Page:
Topic: Presidential Election in Kazakhstan
Date: December 4, 2005
Location: Almaty, Kazakhstan
By: H. Knox Thames, Counsel
On December 4, the Republic of Kazakhstan held its third presidential election. The results released by the Central Election Commission showed President Nursultan Nazarbayev winning 91.15% of the vote, with his most serious competitor, Zharmakhan Tuyakbay, a former Speaker of Parliament and now leader of the opposition alliance For a Fair Kazakhstan, receiving just 6.61%. Despite promises from President Nazarbayev that the election would be free and fair, the observation mission for the Organization for Security and Cooperation in Europe (OSCE) stated that the election “did not meet a number of OSCE commitments and other international standards for democratic elections.”
Dynamic Culture – Stagnant Politics
Over the past decade and a half, Kazakhstan’s political climate has stagnated, as President Nazarbayev has gradually consolidated power. If he finishes his third term, he will have ruled Kazakhstan for almost a quarter of a century.
President Nazarbayev oversees a vast country, the ninth largest in the world, stretching from the steppes of Siberia to the Altai Mountains to the Caspian Sea. Kazakhstan is also where the Muslim and Slavic Christian worlds meet – its 15 million citizens are reportedly 47% Muslim and 44% Russian Orthodox. The country is incredibly diverse; according to the 1999 census, 53% of the country is ethnic Kazakh and 30% ethnic Russians, with Ukrainians, Uzbeks, Germans, Tatars, Uygurs, and others composing the rest of the population.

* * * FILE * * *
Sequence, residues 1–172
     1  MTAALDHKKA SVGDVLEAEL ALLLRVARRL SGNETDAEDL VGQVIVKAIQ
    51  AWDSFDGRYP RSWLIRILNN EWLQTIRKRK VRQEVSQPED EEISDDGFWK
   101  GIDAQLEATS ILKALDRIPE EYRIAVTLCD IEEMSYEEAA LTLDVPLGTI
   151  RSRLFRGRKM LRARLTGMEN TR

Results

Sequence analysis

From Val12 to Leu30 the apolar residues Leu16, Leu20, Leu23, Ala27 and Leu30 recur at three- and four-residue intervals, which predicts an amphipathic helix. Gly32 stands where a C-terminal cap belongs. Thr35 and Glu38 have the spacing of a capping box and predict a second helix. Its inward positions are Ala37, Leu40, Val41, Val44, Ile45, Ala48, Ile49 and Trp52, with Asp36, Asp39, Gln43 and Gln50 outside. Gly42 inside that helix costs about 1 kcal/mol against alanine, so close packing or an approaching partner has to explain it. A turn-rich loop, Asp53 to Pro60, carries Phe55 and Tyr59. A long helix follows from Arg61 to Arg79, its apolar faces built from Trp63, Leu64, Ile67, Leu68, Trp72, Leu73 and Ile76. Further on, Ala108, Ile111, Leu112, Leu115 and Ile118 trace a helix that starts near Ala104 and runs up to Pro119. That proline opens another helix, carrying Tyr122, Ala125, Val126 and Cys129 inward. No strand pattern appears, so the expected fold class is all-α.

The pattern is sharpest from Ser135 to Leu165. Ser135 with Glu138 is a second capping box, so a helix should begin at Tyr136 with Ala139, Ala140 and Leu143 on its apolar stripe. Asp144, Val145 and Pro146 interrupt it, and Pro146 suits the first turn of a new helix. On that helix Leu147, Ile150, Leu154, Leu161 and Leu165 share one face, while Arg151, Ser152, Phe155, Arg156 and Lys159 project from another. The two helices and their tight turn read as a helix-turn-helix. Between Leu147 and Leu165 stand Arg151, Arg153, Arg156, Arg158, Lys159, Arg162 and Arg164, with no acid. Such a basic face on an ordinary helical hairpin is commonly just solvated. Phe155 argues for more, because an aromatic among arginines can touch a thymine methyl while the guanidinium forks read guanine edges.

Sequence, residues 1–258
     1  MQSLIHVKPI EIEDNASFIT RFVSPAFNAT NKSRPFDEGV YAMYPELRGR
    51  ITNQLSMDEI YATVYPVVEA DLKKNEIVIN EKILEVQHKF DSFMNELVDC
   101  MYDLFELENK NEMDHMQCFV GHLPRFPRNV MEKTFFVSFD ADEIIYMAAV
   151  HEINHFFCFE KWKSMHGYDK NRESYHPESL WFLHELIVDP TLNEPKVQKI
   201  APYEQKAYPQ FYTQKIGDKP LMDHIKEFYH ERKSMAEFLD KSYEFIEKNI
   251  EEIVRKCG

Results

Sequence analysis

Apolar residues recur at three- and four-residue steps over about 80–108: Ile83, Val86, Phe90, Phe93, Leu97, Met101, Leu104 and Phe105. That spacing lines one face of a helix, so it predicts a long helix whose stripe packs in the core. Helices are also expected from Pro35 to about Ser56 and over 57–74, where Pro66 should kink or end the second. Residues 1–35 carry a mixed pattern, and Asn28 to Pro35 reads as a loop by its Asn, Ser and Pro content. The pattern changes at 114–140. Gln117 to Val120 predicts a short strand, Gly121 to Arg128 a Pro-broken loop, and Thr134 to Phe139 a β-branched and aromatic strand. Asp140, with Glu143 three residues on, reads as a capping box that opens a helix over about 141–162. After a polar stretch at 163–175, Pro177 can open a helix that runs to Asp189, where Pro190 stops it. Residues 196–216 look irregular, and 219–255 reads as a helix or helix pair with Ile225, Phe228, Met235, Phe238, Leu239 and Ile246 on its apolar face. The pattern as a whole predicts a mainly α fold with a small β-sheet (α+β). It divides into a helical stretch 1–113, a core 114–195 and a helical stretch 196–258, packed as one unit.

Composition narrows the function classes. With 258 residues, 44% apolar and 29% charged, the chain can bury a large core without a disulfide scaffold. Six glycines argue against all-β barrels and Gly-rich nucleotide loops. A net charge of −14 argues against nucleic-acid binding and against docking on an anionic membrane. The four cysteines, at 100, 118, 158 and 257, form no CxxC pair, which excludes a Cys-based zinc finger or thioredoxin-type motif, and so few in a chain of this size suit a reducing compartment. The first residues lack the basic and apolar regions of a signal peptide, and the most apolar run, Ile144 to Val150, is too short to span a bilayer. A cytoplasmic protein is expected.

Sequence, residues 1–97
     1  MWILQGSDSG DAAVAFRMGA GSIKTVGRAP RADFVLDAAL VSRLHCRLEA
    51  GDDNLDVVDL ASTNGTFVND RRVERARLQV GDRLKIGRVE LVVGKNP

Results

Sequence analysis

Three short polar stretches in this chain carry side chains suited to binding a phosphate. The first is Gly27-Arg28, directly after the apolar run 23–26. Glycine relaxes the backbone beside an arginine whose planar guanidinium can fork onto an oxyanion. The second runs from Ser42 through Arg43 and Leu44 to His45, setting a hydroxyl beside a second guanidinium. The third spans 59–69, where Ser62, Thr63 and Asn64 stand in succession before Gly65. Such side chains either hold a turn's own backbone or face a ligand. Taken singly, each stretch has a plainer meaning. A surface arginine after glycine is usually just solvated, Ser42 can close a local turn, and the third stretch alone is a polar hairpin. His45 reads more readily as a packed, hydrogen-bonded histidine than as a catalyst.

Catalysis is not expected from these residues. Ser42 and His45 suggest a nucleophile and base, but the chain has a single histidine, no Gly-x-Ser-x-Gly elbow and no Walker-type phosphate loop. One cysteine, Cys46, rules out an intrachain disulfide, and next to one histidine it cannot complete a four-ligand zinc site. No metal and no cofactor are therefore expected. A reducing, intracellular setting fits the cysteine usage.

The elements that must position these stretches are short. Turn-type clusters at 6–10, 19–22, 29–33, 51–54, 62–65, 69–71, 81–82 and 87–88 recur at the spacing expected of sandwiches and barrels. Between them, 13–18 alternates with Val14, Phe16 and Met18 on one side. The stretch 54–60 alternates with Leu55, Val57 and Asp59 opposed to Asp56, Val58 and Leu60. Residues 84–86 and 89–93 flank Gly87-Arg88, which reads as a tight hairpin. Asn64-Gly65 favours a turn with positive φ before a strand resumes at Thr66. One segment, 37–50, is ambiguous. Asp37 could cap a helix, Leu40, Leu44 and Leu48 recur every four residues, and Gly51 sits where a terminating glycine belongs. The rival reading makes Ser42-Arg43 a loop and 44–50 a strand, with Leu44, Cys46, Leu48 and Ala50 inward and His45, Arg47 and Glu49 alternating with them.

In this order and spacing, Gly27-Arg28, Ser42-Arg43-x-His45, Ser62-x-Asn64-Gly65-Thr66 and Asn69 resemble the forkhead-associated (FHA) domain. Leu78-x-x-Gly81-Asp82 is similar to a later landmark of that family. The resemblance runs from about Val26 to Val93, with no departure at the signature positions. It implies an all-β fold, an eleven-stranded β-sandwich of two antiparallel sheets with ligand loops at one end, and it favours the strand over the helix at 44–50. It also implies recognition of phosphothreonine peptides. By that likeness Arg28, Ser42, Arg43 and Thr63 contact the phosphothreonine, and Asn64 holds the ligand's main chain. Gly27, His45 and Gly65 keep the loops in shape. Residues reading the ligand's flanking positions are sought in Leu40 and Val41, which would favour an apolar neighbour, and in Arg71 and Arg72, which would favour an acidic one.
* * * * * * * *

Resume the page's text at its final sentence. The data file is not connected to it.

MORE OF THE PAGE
Mr. Nazarbayev was first elected chairman of the Kazakh Supreme Soviet (Supreme Kenges) in February 1990. In December 1991, just a few weeks after Kazakhstan declared its sovereignty from the Soviet Union, Nazarbayev ran unopposed in Kazakhstan’s first direct presidential elections, winning a reported 98% of the vote. For the second presidential election in 1999, the OSCE declined to send a full observation mission to protest the exclusion of opposition candidates and pre-election conditions that “clearly and substantially” did not meet OSCE commitments. Nazarbayev won a reported 80% of the vote in an election the OSCE assessment mission said “fell far short” of OSCE standards.